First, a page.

- Nevada setting aggressive renewable energy targets for 2030, then 2050
- Current generation portfolio is covered, showing where Nevada is now
- Targets backed by both industry and power providers in-state
In late April the Nevada Senate approved a bill requiring the state to produce half its electricity from renewables by 2030, joining a raft of U.S. states moving swiftly to increase solar and wind generation as market forces continue to pound coal. For a state with excellent solar conditions like Nevada, it is an ideal moment to seize the windfall opportunity of utility scale solar power, which has become cheaper than ever.
Nevada currently receives 70% of its electricity from gas-powered generation and 9% from coal—though its last coal plant is scheduled to be retired in 2025. The bill, which passed in the legislature in April, seeks moreover to make Nevada’s energy production 100% carbon free by mid-century. The state’s renewable portfolio standard that mandated 25% renewables by 2025 targeted only the utility NV Energy, while the new law rightly applies to electric co-ops, retailers and all electricity providers statewide.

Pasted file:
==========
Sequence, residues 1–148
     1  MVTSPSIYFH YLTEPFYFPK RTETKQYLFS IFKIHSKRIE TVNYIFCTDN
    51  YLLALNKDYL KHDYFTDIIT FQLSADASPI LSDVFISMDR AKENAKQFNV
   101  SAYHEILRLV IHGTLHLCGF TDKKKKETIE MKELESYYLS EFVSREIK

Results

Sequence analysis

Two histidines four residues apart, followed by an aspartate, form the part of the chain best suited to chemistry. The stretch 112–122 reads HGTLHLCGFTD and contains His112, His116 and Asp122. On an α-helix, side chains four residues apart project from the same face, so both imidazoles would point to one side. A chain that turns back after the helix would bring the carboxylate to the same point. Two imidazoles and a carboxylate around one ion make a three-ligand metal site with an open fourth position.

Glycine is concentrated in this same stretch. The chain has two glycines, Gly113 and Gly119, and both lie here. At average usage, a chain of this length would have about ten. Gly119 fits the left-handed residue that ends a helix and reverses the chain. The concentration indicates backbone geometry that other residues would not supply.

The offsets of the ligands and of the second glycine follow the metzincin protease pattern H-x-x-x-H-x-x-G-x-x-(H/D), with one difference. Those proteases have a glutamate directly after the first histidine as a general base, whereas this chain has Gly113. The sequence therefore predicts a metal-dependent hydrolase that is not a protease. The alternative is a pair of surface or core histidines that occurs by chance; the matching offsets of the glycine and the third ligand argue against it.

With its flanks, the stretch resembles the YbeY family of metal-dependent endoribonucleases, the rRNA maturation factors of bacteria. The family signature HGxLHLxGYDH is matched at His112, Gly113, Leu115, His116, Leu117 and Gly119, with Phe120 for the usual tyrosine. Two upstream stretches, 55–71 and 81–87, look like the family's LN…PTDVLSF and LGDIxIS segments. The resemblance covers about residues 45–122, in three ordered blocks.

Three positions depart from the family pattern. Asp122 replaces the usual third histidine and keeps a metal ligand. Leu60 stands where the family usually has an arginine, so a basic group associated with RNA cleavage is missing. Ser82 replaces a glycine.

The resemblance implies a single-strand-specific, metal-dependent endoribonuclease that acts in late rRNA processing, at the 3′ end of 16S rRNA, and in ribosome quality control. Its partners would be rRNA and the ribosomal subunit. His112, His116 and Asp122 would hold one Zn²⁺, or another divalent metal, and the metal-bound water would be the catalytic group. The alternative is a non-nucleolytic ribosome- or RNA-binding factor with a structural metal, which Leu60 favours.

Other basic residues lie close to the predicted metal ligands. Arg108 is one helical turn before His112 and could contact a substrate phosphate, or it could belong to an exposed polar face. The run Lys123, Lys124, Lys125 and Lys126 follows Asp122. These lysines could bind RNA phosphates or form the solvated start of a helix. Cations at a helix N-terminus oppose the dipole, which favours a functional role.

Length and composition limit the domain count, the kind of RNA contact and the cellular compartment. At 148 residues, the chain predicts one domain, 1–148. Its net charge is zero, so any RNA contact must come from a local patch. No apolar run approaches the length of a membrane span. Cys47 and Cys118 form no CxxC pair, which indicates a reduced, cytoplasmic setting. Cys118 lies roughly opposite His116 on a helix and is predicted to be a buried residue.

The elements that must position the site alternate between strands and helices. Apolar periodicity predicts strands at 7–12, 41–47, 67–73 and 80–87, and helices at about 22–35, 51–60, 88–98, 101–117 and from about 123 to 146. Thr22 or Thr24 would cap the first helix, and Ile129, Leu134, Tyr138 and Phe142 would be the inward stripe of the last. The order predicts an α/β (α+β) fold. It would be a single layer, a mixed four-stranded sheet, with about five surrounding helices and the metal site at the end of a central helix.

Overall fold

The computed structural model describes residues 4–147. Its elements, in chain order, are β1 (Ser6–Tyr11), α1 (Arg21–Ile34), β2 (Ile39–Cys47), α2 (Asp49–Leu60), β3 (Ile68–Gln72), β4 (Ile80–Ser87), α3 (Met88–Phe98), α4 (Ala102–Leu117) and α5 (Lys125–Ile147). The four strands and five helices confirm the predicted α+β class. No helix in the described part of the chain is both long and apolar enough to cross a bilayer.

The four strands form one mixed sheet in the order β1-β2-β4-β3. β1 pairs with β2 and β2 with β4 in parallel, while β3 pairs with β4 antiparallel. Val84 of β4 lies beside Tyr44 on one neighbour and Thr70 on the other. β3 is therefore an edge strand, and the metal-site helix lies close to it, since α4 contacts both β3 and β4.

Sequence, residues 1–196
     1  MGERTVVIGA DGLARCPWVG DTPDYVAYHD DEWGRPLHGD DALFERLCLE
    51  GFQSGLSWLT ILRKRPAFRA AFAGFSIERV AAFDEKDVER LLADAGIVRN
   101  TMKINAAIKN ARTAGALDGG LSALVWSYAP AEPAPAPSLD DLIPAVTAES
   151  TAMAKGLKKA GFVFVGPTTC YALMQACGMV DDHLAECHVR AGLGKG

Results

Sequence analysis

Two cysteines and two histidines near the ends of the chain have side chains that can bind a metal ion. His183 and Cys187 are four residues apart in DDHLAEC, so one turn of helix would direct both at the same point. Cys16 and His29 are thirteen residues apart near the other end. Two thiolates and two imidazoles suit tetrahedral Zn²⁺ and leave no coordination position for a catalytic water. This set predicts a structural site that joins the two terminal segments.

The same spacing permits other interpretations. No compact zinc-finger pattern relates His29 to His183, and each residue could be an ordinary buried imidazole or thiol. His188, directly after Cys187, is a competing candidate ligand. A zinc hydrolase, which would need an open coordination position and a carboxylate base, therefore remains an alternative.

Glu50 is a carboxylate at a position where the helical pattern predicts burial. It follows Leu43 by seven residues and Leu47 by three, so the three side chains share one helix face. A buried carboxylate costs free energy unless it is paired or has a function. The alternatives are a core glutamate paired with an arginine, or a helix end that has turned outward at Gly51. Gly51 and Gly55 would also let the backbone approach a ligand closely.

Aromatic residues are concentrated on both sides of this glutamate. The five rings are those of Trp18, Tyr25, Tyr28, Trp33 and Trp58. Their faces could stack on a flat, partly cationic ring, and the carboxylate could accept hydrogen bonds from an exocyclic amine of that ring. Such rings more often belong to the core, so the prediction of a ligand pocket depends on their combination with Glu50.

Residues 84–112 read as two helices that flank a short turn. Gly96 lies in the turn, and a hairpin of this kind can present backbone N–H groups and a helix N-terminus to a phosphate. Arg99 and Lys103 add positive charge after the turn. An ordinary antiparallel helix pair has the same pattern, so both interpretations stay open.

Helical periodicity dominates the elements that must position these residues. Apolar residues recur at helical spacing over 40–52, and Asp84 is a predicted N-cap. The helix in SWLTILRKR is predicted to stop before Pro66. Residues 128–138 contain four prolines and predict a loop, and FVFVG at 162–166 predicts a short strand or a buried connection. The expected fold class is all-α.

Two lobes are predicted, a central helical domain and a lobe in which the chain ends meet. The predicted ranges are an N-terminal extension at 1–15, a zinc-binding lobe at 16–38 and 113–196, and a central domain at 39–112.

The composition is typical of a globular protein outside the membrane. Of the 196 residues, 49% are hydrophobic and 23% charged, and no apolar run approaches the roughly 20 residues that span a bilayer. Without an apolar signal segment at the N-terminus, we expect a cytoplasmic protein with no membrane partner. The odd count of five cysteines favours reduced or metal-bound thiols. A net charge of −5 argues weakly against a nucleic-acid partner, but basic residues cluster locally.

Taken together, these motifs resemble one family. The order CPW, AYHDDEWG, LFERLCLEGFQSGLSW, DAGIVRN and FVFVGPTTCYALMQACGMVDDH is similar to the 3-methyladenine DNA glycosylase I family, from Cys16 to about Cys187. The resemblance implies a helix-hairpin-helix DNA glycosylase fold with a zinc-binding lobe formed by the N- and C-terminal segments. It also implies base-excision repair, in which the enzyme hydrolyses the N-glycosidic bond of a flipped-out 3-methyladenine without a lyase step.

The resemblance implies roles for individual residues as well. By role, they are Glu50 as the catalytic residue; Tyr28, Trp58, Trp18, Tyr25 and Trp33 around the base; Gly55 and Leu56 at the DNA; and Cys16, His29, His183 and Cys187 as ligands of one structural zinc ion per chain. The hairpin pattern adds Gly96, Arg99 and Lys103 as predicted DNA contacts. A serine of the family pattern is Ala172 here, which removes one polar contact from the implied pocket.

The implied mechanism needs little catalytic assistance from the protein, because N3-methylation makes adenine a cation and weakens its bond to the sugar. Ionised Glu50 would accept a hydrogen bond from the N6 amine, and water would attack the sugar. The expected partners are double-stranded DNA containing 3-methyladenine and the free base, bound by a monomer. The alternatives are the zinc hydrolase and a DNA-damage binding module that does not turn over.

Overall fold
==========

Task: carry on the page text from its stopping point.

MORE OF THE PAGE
Nevada’s case is a bit different from other states moving aggressively to curb their carbon emissions—like Colorado, New Mexico, Illinois and New York, to name a few—because geothermal power plays an outsized role in the current renewables mix, representing more than 40% of Nevada’s clean energy production. That’s about to change, as NV Energy has unveiled plans to add more than 1 Gigawatt of solar generation along with 100 Megawatts of battery storage to its capacity.
Significantly, businesses and power providers throughout Nevada threw their weight behind the bill, recognizing the strong long-term financial incentive of investing in solar generation infrastructure. With Tesla’s Gigafactory outside Reno leading the way, the state is demonstrating how the economics and policies favoring renewable power can go hand in hand.
What We’re Reading: “Nevada passes bill for 50% renewables by 2030, 100% carbon free by 2050”, as published on Utility Dive.